Let this be my prayer; as for you, my dear Timothy, through this short treatment of mystical vision take your departure from the senses and from mental activities, from all that is perceived and from all that is thought, from all that is and from all that is not. To the degree possible, strain through unknowing toward oneness with the one who transcends being and knowing. After all, through pure “coming out of oneself”, wherein you set aside all things and are cleansed of all things, you will with purity lead yourself up to that gleam of divine darkness that transcends being.
- If I may shamefully pick on a predecessor, you may compare here John Parker’s rendering from 1897:
TRIAD supernal, both super-God and super-good, Guardian of the Theosophy of Christian men, direct us aright to the super-unknown and super-brilliant and highest summit of the mystic Oracles, where the simple and absolute and changeless mysteries of theology lie hidden within the super-luminous gloom of the silence, revealing hidden things, which in its deepest darkness shines above the most super-brilliant, and in the altogether impalpable and invisible, fills to overflowing the eyeless minds with glories of surpassing beauty. This then be my prayer; but thou, O dear Timothy, by thy persistent commerce with the mystic visions, leave behind both sensible perceptions and intellectual efforts, and all objects of sense and intelligence, and all things not being and being, and be raised aloft unknowingly to the union, as far as attainable, with Him Who is above every essence and knowledge. For by the resistless and absolute ecstasy in all purity, from thyself and all, thou wilt be carried on high, to the superessential ray of the Divine darkness, when thou hast cast away all, and become free from all. ↩
The annual meeting of the Society for Classical Studies (SCS) is over a week in the past. I had a delightful time at the conference. A few of the highlights:
- Presenting a delightful poem. I presented in a panel entitled, “Literary Texture in Augustine and Gregory.” (Handout, full-text, and primary text here) Late Antiquity never draws crowds, and this was no exception. However, the audience present listened attentively and asked good questions. Since I presented on a topic few people know anything about (the poetry of Gregory of Nazianzus), I knew that I had successfully connected my niche topic to texts and themes of more general interest. That’s the mark of a good conference paper, I think, at least for a large conference. As I’m now working full time as a software developer, it was quite fun to wear my “scholar of literature” hat again.
- Meeting other digital philologists. It’s always worthwhile listening to Greg Crane talk (the nous, inter alia, behind Perseus and the Open Greek and Latin Project). I got to sit in for most of the Digital Philology panel, which meant I got to meet people involved in terrific digital projects (like Logeion and Tesserae). This also led to a meet-up about the Classical Language Toolkit, where I got to meet Kyle Johnson. Chatting classics and code with someone who’s tread a similar path was absolutely delightful. I’m hoping to make some contributions to the CLTK in the coming months. I also got to meet Luke Hollis and see some of the terrific projects coming out of the Center for Hellenic Studies. A lovely time!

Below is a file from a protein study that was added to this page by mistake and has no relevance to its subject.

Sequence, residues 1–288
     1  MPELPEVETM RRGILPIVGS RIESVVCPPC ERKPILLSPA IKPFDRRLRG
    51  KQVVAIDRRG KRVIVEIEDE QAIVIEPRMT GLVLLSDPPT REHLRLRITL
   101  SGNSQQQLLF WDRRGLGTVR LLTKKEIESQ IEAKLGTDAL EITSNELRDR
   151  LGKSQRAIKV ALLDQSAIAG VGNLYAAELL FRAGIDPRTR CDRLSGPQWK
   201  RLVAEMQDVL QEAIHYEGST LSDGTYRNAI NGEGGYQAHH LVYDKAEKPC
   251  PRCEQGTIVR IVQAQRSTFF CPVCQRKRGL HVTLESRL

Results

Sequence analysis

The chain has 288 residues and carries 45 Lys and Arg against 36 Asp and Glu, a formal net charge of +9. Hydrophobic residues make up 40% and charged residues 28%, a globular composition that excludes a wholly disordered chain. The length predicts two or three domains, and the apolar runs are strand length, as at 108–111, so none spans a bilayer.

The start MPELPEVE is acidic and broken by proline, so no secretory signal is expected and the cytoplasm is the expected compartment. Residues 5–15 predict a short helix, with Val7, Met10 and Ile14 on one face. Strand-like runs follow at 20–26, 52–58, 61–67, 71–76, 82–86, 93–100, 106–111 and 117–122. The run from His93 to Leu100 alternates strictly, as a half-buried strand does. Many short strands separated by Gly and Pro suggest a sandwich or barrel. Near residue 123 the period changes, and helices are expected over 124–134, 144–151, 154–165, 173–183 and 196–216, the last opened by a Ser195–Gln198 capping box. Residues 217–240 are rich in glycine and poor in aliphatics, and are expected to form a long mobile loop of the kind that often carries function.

- Seeing old friends. Though I still live quite close to my alma mater, I don’t frequently get an excuse to see my colleagues and professors from Catholic University. It is always fun to catch up. Special κῦδος to my friend, Patsy Craig, for presenting a terrific paper on Vergil!
Conferences like these are best spent strengthening old ties and making new ones. By that measure, these few days were a great success! I’m looking forward already to the next SCS.
On Friday, January 3, 2020, I present a paper at the annual meeting of the Society of Classical Studies (program here). The paper is entitled, “Gregory of Nazianzus and Apollinaris of Laodicea: Callimachean Polemic in the 4th c. CE.” Relevant links:
If you wish to carry out your prayer, you need God, who “gives prayer to the one praying.” So persist in calling out to him, saying “hallowed be thy name, thy kingdom come.” His “name” is the Holy Spirit and his kingdom is the only begotten Son. After all, this is what he taught when he said the Father was worshipped “in Spirit and in Truth.”
The one who prays “in spirit and in truth” no longer extols the creator for created things, but sings his praise for his very self.
It is not necessarily the case that the mind has obtained the place of prayer once it no longer is among thoughts of day to day life. After all, it can be in contemplation of these day-to-day doings and spend its time among the explanations for these events. Even though they are just words, because these contemplations are directed at daily matters they shape and fashion the mind and lead it far away from God.
Even when the mind has moved beyond contemplation of bodily existence, it has not yet beheld the place of God’s perfection. For it may become enamored and divided with knowledge of the intellectual principles of things.
The one who has obtained freedom from compulsion does not necessarily pray in a true manner. After all, one can be entirely within one’s thoughts but distracted by the narratives they generate and hence far from God.